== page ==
This basic 4wd tool kit will get you out of trouble

This basic 4wd tool kit will get you out of trouble

Anyone who intends on traveling further than the outskirts of town, whether on the tarmac or the dirt; needs a tool kit in their vehicle. If it’s just a quick road-trip you might get away with a tyre repair kit, wheel brace and a jack. Beyond that it’s a matter of the further you go, the more you should carry. So, in this post I’m going to touch on the basic kit which I carry for a weekend trip or longer journeys which don’t go into dangerously remote territory.

I’m not going to go into the spare parts and other bits and pieces you need to carry, maybe that’s one for another day. If I go into that, we’ll be here forever!

4wd-tool-kit-off-road

Combination Spanner Set:

Ring one end, open on the other. Knowing what kind of fasteners your vehicle uses is handy here. I know that the Patrol is all metric, some vehicles will be imperial and other might be some weird old sizing. My point is, no use in carrying tools that don’t fit the truck.

Adjustable spanner/Cresent:

For the times when you realise your vehicle uses imperial sizing and you bought metric, haha! But really, sometimes your tools won’t fit and this one will.

Socket Set:

Again, you probably only need a set of one sizing for your vehicle. It should include a full set of sockets and include a ratchet, breaker bar, wobble bit and a couple of different size extensions at least.

Screwdrivers:

These are one of the cheapest tools to purchase. Rubber handles are the best for heaps of grip and if you get ones with a go through handle, you can get the hammer onto the end of them if you need too. Need I say grab both Phillips and flat head varieties?

best-tools-for-4wd-trip

Pliers:

You’ll want a few types including bull nose, long nose, vice grips and multi grips. Vice grips are the best for when you really mess shit up, like that time I rounded all the nuts on my cooling fan. Vice grips can fix that!

Hammer:

A moderately sized hammer will do, something with a bit of weight behind it but not sledge hammer spec.

Allen/Torx Keys:

Good old Allen, his keys have been around forever and are small enough to not make too much of a dent in storage space. Torx keys are where it’s at these days though, at least in the eyes of vehicle manufacturers. Get the security Torx keys with the hole in the middle as they can do both.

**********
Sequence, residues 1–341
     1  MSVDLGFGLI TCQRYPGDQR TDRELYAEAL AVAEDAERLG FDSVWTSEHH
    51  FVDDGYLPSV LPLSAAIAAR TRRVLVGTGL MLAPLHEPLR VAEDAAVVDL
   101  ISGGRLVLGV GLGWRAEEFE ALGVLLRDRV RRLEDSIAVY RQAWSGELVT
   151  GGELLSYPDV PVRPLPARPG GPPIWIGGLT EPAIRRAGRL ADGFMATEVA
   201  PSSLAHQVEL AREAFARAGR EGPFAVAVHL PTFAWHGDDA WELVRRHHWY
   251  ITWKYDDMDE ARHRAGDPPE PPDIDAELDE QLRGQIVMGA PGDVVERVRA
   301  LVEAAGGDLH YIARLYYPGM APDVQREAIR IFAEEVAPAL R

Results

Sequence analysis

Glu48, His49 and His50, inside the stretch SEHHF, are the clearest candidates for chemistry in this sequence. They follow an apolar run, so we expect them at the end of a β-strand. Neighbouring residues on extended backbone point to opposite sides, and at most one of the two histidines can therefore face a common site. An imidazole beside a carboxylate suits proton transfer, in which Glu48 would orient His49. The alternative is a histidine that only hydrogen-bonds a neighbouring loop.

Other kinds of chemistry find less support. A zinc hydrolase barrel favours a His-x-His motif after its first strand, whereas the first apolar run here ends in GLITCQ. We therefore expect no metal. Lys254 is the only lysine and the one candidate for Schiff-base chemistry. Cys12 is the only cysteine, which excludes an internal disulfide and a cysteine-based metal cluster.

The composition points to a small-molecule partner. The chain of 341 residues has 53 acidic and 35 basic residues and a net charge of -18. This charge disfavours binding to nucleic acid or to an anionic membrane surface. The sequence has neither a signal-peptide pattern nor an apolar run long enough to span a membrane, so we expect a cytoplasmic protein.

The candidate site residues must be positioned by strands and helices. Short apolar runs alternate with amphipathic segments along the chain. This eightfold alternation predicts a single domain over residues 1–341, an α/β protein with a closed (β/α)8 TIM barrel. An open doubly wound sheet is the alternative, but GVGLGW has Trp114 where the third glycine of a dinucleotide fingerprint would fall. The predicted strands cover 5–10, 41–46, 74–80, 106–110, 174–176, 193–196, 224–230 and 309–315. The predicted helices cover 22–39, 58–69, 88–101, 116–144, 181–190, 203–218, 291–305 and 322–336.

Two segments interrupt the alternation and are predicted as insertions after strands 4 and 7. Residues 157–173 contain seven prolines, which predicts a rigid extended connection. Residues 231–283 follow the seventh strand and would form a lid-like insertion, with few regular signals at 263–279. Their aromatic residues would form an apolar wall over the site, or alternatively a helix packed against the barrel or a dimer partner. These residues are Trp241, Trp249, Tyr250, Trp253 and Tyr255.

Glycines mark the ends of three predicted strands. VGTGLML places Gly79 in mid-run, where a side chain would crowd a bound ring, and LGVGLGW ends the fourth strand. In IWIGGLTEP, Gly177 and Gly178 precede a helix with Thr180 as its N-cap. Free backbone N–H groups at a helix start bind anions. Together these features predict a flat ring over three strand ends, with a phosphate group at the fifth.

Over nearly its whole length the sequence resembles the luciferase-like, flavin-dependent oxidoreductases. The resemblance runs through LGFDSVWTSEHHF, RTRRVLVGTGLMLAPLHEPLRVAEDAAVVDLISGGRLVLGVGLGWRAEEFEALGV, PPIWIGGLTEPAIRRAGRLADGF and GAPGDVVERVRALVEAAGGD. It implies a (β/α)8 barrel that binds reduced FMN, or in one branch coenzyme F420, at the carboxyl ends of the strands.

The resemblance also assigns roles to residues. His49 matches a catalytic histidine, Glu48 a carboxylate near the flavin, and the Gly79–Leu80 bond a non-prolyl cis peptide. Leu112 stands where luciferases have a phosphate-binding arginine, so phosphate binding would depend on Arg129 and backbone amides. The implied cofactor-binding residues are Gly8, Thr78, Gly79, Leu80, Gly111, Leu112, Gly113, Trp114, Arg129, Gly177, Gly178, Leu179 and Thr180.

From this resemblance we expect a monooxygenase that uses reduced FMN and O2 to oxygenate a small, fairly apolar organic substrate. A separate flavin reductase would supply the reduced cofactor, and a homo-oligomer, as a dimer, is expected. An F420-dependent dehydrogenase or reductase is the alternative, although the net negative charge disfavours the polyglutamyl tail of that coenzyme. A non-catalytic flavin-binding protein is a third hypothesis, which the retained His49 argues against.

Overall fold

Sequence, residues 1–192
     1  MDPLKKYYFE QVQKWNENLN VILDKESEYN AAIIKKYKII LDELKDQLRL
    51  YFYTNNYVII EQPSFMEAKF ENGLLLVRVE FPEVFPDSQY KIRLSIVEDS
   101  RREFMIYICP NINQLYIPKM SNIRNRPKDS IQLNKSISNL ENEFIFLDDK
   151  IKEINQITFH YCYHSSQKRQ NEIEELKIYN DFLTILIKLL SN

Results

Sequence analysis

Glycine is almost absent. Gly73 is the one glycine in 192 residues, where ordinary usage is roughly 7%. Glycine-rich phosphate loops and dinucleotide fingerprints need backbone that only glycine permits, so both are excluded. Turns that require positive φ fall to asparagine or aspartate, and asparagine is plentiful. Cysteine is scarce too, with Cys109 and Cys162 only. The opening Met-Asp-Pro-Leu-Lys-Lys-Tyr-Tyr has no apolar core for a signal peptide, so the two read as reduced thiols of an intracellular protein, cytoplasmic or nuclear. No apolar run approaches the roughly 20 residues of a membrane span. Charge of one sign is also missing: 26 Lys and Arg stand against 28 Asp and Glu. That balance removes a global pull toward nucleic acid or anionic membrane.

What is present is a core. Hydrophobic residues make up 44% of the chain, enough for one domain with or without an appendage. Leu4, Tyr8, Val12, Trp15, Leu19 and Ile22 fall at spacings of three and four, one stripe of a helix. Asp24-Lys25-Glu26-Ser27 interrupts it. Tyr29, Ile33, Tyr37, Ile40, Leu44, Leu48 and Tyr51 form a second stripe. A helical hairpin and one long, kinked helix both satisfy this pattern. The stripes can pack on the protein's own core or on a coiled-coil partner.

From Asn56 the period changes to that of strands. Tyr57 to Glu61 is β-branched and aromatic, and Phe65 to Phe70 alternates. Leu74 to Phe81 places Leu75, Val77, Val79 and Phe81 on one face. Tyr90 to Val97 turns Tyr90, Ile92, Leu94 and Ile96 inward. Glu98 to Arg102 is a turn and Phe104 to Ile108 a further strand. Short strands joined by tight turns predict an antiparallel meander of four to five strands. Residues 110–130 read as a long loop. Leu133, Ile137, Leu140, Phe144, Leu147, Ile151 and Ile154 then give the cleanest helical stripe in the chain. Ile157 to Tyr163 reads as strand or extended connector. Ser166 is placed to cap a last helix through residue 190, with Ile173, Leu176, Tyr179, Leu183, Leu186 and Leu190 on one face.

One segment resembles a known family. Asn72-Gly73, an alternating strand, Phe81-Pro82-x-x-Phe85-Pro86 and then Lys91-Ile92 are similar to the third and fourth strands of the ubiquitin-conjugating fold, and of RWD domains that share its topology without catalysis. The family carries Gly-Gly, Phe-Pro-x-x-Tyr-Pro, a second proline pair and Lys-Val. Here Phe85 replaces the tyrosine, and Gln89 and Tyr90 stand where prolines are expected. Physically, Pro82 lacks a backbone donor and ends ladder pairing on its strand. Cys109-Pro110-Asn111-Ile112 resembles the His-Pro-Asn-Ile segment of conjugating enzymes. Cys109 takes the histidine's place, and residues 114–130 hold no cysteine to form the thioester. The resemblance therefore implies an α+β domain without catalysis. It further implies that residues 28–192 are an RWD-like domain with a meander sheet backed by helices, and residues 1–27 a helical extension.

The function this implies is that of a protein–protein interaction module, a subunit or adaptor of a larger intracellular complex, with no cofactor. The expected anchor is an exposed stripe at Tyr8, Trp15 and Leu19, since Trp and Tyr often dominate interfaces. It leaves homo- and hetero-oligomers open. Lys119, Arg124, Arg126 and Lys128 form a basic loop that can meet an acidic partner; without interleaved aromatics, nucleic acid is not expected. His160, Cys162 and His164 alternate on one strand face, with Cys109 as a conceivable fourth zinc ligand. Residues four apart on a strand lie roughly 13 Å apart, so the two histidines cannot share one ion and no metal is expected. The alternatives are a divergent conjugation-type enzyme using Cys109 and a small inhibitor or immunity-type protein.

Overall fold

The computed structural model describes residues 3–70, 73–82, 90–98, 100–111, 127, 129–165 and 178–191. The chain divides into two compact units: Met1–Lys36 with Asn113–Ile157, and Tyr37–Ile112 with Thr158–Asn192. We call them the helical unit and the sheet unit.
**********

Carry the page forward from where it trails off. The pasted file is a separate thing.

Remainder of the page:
Tyre Repair Kit:

To repair tyres….

essential-4wd-toolkit-tyres

Bottle Jack:

Not only to jack the vehicle up. Could also be used to straighten bent components, break beads and assist recovery efforts.

Cold Chisel:

I’ve got a set of these, but you probably only need to take a small and a large one. A nice sharp one will cut through metal, and when nothing will remove that stuck bolt; a cold chisel probably will.

Hacksaw & Stanley Knife:

Now you can cut things! Make sure there’s spare blades along for the ride too.

Multimeter & Test Light:

A must have these days, especially for those with a modern vehicle. Take the time to learn the basics of using these two and you can figure out and often repair or bypass many electrical problems.

Electrical Goodies:

Spare fuses, electrical tape, lengths of wire, solder, soldering iron and cable ties. That last point, cable ties; don’t be shy on how many you carry. They can fix absolutely EVERYTHING!

Consumables:

Metal putty will fix holes in just about anything you could crack or puncture. A penetrating spray such as WD-40 will help loosen stuck nuts and bolts as well as disperse water from your electrics. Welding rods for bush welding are a top idea too, better carry a welding lens if you plan on buzzing some metal together too.  Some bearing grease, engine oil, diff and gearbox oil, and coolant won’t go astray either. Even spray oil can come in handy, like that other time when I rolled a tyre off the bead.

re-seat-bead-aerosol

 

Well, there you have it. My basic tool kit to cover most situations, or at least get me out of trouble. There’s a whole load of other bits and pieces I take along which can’t really be classed as “tools”, maybe you have the same gear? Or maybe you take something different along? Whatever the case, I’d love to hear your ideas in the comments!

Alex

Alex Garner

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  1. Harry Fisher
    August 15, 07:49 Reply
    Nice rundown man. Another big one for me is a bearing tool- I have had to use it more than once and it has been so valuable!
    • Alex Garner
      August 21, 16:05 Reply
      What sort of bearing tool do you mean Harry? Like the special tool with the two prongs to remove Patrol bearings? Massive socket on Landcruiser bearings? Or is it an actual bearing packer/remover?

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